As is often the case, determining the truth is difficult. The White House says there is no truth to Daniels’s account. She gave similar stories to different publications at different times, and in the case of Slate, three friends confirmed the story and said she’d told them about it at the time. Speaking to InTouch, she said she arranged rendezvous with Trump’s bodyguard, a man named Keith, which matches up with Keith Schiller, Trump’s longtime guard. But Daniels will not comment these days.
That’s because she signed an agreement not to speak. The Wall Street Journal finally broke the story last week by focusing on that deal—which in turn opened up the floodgates for the other stories. According to the paper, Trump agreed to pay Daniels $130,000 in exchange for keeping quiet. Given that she was speaking to reporters, it was a live issue; Weisberg said Daniels showed him a copy of a draft agreement, but she was worried that Trump would not pay out. Trump lawyer Michael Cohen denied any affair to the Journal, and sent a statement signed by Stormy Daniels, stating, “Rumors that I have received hush money from Donald Trump are completely false.” She did not respond to other requests for comment.
The suggestion of hush money is easier to credit because it fits with a pattern from Trump in the past. Faced with the prospect of damaging revelations about his personal life, the otherwise parsimonious Trump has often paid out. As part of his 1992 divorce from Ivana Trump, the developer agreed to divide assets, but imposed a sweeping gag order on his ex-wife:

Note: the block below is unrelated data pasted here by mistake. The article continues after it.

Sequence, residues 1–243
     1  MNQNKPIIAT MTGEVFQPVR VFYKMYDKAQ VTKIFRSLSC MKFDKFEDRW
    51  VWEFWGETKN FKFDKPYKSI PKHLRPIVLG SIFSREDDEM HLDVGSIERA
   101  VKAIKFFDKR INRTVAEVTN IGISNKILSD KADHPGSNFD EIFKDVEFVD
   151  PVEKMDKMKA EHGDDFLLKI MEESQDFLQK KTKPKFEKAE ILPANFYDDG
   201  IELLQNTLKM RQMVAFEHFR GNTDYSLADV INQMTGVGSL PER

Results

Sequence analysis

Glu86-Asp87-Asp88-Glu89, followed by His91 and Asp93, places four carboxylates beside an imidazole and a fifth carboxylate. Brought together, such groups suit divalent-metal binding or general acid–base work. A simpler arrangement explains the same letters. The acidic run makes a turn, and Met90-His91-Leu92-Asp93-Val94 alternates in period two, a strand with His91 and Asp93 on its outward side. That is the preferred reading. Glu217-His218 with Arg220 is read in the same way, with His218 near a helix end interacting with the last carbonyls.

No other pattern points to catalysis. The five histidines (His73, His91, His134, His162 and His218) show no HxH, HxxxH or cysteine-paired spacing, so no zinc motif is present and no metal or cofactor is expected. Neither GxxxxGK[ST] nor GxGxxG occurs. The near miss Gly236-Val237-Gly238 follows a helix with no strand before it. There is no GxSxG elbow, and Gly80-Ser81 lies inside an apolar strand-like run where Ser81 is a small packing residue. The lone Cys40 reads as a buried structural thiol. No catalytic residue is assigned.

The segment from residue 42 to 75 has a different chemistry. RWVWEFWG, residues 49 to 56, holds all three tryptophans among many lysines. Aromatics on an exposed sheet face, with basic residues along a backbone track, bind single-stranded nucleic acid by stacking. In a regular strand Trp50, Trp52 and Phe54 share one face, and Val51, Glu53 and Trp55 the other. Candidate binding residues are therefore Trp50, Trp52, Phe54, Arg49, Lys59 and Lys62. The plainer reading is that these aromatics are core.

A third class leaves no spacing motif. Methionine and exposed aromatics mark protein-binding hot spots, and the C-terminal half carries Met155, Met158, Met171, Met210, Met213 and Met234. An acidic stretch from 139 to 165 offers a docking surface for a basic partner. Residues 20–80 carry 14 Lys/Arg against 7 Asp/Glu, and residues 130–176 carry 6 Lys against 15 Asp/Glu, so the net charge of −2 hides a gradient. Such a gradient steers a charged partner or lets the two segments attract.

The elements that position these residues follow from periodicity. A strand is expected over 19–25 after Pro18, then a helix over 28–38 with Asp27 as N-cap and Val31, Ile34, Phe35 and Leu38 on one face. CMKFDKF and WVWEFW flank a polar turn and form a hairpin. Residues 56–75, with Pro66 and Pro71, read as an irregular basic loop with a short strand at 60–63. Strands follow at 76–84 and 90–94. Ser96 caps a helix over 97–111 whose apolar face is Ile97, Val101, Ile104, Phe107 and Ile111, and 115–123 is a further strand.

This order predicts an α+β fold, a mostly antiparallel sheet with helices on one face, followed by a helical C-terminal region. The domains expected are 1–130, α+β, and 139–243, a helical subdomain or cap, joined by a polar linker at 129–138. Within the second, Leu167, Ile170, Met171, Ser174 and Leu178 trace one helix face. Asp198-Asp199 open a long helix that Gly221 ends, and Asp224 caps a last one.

Without obtaining [the husband’s] written consent in advance, [the wife] shall not directly or indirectly publish, or cause to be published, any diary, memoir, letter, story, photograph, interview, article, essay, account, or description or depiction of any kind whatsoever, whether fictionalized or not, concerning her marriage to [the husband] or any other aspect of [the husband’s] personal, business or financial affairs, or assist or provide information to others in connection with the publication or dissemination of any such material or excerpts thereof.
If Ivana broke the agreement, Donald could cut off all benefits to her. The agreement seems to have had some curious repercussions. During a deposition for the divorce, Ivana accused him of marital rape, as Harry Hurt reported in his book The Lost Tycoon. But when the book came out, Donald’s lawyers provided a statement from Ivana, printed in the book, that sought to soft-pedal the allegation. “I referred to this as a ‘rape,’ but I do not want my words to be interpreted in a literal or criminal sense,” it said.
When Trump’s marriage to Marla Maples, for whom he left Ivana Trump, crumbled, she too, signed a confidentiality agreement, as he revealed in 1999, when he floated a presidential run and she told a British newspaper, “If he is really serious about being president and runs in the general election next year, I will not be silent. I will feel it is my duty as an American citizen to tell the people what he is really like.” Trump withheld an alimony payment.